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Making Your Own Environmentally-Friendly Household Cleaners

Natural household cleaning products

The best way to know what is in your household cleaners is to make them yourself. Here are some recipes for making simple, safe and affordable cleaners.

Come Clean with Green!

Dartmouth-Hitchcock's Environmental Services Department and the Upper Valley Lake Sunapee Regional Planning Commission (UVLSRPC), share a number of green cleaning approaches being used at the medical center and nontoxic cleaning recipes for home use.

Making your our own nontoxic cleaners will save you money, protect your family's health (including your pets) and contribute to a safer environment.

Here are some tips for green cleaning:

  • Go micro! Microfiber cloths are 99 percent effective in picking up dust and grime, and they last for up to 500 washings—10 times more than a cotton cloth.
  • Corporations that make cleansers are not required by law to list all the ingredients. They will often list "fragrance" and "preservatives" to cover a lot of chemicals that may contribute to health issues, such as eye, skin or respiratory irritation. You can buy many commercially-available green cleaners for home use. Look for independent testing and grading of products, such as the Environmental Working Group's Guide to Healthy Cleaning. Labels might claim a product is "environmentally friendly" or "natural," but the products may still contain harmful ingredients because these terms are not regulated.
  • Stay away from antibacterial products. Antibacterial soaps are no more effective than conventional soap and water, can create antibiotic-resistant bacteria and have been shown to interfere with hormone regulation in animal studies. After these products are washed down the drain, small amounts persist after sewage treatment and can have a negative impact on plant and animal life.

The best way to know what is in your household cleaners is to make them yourself. The recipes are simple and extremely affordable. A commercial window cleaning product costs around $4 per bottle while a non-toxic homemade version costs only 10 cents!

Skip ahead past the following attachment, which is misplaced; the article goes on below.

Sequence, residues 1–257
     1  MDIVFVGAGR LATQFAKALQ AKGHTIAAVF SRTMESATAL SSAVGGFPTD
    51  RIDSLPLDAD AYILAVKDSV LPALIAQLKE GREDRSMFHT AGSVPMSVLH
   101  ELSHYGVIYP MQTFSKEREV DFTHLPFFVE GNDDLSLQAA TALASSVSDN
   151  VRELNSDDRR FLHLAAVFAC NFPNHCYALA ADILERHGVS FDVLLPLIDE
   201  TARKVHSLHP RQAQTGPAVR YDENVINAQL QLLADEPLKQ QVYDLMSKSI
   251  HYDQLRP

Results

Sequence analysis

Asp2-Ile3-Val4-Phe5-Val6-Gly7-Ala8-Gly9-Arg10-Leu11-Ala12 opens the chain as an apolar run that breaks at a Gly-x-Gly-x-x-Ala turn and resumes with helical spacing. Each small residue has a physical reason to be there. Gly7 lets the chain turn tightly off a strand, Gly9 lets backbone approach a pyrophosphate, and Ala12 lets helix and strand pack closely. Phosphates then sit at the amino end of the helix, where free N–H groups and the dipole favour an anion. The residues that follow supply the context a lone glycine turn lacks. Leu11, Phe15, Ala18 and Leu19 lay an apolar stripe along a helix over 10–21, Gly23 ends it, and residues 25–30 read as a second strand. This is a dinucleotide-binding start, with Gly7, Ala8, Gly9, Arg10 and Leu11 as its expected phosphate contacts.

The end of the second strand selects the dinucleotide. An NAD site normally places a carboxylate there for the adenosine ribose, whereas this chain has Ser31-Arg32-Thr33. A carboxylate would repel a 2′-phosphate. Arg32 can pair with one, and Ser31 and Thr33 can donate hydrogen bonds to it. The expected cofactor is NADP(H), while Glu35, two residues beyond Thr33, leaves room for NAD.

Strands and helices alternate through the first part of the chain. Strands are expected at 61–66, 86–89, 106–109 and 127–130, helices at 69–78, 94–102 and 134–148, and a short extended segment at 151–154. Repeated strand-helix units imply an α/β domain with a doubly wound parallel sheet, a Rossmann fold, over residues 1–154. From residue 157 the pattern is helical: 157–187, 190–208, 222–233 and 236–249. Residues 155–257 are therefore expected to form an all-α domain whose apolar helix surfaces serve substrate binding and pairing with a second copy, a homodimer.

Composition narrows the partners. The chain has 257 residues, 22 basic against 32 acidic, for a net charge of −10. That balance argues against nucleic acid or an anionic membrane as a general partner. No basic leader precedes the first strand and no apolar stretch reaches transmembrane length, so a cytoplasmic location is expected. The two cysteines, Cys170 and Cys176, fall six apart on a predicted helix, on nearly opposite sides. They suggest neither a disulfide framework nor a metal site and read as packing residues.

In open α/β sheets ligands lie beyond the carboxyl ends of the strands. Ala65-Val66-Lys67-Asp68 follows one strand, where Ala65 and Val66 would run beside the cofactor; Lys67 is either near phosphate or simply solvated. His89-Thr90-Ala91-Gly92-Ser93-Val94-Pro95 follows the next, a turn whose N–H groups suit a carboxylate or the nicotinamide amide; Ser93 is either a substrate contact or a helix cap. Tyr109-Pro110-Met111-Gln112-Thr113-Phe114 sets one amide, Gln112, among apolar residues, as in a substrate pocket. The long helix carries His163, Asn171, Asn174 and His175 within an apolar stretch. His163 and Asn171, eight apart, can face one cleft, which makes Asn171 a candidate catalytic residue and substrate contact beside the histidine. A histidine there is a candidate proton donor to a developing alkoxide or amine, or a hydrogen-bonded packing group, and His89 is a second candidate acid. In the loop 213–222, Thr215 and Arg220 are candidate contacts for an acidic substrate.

The most common ingredients you will need to make your own are:

  • White vinegar: Vinegar is a powerful, acidic sanitizer and deodorizer. It breaks down hard water buildup, dissolves metal tarnish and kills bacteria, molds and other microbes as well as helps whiten laundry. The strong smell will dissipate in a couple of hours.
  • Baking soda: This ingredient is slightly alkaline and neutralizes odors caused by acids. It is helpful for unclogging drains and neutralizing odors in garbage cans and disposals. Baking soda is slightly abrasive so it can be used for scrubbing sinks, counters, appliances and bathroom fixtures.
  • Liquid castile soap: Castile soap, made from oils like olive, coconut, jojoba and hemp, is biodegradable. Common brands include Dr. Bronner's® and Vermont Soap®.
  • Essential oils: Essential oils are extracted from flowers, fruits, leaves, roots and trees. There are many oils you can choose from to add a pleasant scent and sanitizing power to your cleaning solutions, such as lavender, citrus and mint. Tea tree oil is a natural antiseptic and kills mold. Only a few drops are needed per bottle of solution you make.

UVLSRPC offers these nontoxic housecleaning recipes (PDF).

Getting rid of hazardous cleaning products

If you decide to weed out the commercial cleaning products from under your sink, check with your town or city to see if they offer hazardous waste collections. You can bring any unwanted chemicals for disposal such as household cleaners, paint, automotive fluids and even unused medications in some locations. Visit the UVLSRPC household hazardous waste website for a schedule of these collection events in New Hampshire and Vermont.

Resources for green cleaning